April 13, 2020
Applying to college can be a time-consuming and stressful endeavor for anyone, but international students have more steps to take in the process to be considered for admission to US universities.
Typically, international students need to meet the same requirements for admission as US students. So, for example, if a college requires a standardized test score from the SAT or ACT, international students have to submit those scores as well as other requirements like academic transcripts and required admission essays. Because international students may have a native language other than English, they also need to demonstrate English proficiency with the TOEFL test score.
Because of these requirements, the college search for international students should start early. "My recommendation to international students interested in studying in the United States, outside of working hard to do well in their academic work, is to communicate as soon as possible and as often as needed with prospective colleges schools and their admissions offices," advises Mike Rivas, assistant director of international admissions at Arkansas Tech University in Russellville, Ark.
Some international students assume that just having good grades and a high test score will secure them a spot at a US college or university, but the admissions process is more complicated than that.
"Remember that US colleges look for what a student is like as a person, not just how they perform on some tests," says Jason Smith, director of UES Admission Experts, which provides consulting services for students pursuing education in the United States and the United Kingdom. "Top colleges routinely turn down very academic students with perfect grades because these grades don't tell the whole story. Students should take the time to think about what motivates them, what they want out of life, what's important to them and what qualities they have that make them an interesting applicant."
Oftentimes, international students only know about certain parts of the United States and don't realize how large the country is and how many colleges may have opportunities for them. For example, an international student might assume any college in New York State is in New York City. Or international students may only know about highly selective institutions like Stanford University or Harvard University and not realize that admissions is incredibly competitive and there are thousands of other universities to consider.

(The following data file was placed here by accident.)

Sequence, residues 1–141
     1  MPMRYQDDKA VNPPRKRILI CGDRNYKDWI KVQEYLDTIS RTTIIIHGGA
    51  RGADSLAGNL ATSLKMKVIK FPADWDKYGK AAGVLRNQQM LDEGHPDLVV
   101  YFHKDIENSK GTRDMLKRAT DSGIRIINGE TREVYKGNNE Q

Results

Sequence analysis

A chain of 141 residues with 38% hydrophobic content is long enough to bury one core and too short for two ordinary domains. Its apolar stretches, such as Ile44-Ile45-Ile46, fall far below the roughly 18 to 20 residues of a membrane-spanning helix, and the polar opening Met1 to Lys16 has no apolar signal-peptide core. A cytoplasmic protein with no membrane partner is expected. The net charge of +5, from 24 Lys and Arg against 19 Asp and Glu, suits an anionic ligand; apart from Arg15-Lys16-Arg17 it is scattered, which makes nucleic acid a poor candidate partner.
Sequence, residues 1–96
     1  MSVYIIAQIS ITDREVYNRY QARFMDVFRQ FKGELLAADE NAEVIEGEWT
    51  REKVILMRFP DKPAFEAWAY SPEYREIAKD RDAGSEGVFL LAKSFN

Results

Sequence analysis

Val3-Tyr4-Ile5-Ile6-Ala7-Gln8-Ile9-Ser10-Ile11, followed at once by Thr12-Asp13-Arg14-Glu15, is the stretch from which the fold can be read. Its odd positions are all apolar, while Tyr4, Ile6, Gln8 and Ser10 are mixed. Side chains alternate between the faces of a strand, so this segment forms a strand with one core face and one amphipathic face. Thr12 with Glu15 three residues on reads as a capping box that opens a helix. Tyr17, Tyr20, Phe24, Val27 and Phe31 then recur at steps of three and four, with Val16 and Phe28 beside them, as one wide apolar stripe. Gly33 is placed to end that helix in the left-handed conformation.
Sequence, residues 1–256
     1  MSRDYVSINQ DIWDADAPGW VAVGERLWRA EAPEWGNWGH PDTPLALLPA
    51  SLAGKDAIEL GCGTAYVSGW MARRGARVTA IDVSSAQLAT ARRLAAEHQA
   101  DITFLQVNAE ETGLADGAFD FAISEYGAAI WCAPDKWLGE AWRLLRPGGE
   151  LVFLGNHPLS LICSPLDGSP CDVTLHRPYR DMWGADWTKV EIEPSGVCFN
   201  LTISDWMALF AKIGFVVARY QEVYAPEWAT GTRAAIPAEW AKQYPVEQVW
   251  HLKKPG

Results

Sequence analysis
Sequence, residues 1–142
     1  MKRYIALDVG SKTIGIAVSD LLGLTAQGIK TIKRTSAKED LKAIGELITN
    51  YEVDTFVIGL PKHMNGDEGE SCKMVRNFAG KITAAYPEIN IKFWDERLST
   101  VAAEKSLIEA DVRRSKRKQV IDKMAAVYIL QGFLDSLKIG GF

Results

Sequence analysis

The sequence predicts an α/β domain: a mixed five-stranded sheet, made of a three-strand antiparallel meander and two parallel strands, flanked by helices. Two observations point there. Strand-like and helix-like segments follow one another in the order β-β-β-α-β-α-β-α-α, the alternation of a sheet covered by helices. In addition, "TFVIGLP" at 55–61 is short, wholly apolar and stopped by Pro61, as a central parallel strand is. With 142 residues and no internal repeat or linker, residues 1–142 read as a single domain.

"Students should keep an open mind about where to apply," says Smith. "Don't just go for the big name colleges in New England: every man and his dog applies there. There are some fantastic, highly ranked colleges you've never heard of, where you'll likely be a better fit and have a higher chance of acceptance."
Of course, visiting campuses in person is usually not an option for many students who live abroad. "International students have more difficulty visiting colleges as it is, let alone during a pandemic, but fortunately there are lots of remote college fairs taking place, and most colleges will happily set up live chats with admissions officers and offer virtual tours of campus," notes Smith. "Students should start 'visiting' a range of colleges (some big, some small, some liberal arts, some large research unis) and make notes about what they liked and didn't like. This will help them narrow down their college list, and find those places where they'll be a better 'fit', increasing their chances of being accepted."
International students may feel a bit nervous about applying to colleges this fall in light of the coronavirus pandemic, but most institutions are operating as usual.
"At my university we are moving forward with the expectation and plan that things will settle and return to some sort of normalcy at some point, hopefully in the very near future," says Rivas. "In most cases, schools are very understanding of the challenges we all are facing and are working diligently to help mitigate them for both the students and the institutions."
John Eriksen, director of international admissions at Johnson & Wales University, says that international students can learn a lot about colleges they may be interested in right now to make a better choice about where to apply. "It is important for students to see how their prospective universities handled this current crisis," Eriksen says. "Have they provided strong support for their international and domestic students through this pandemic? I have found that universities that are more personal and supportive of their students have continued with being supportive as this virus spread. Others were slow to act and as a result, international students might have been impacted negatively, and possibly, they could still have no place to go right now," says Eriksen.
Prospective international students can also reach out to colleges they are interested in and try to communicate with the campus community to ask questions and find out if that college is the right fit for them and where they might excel.
"I think it is even more important for students to connect with current students, alumni, faculty and international admissions offices at this time and moving forward," Eriksen says. "These contacts at the university will provide answers to many questions that students have during this time. There is a lot in the news and media regarding a country's response to this pandemic; however, students need to dig deeper and ask those specifically with the university how they handled this crisis for students and families."
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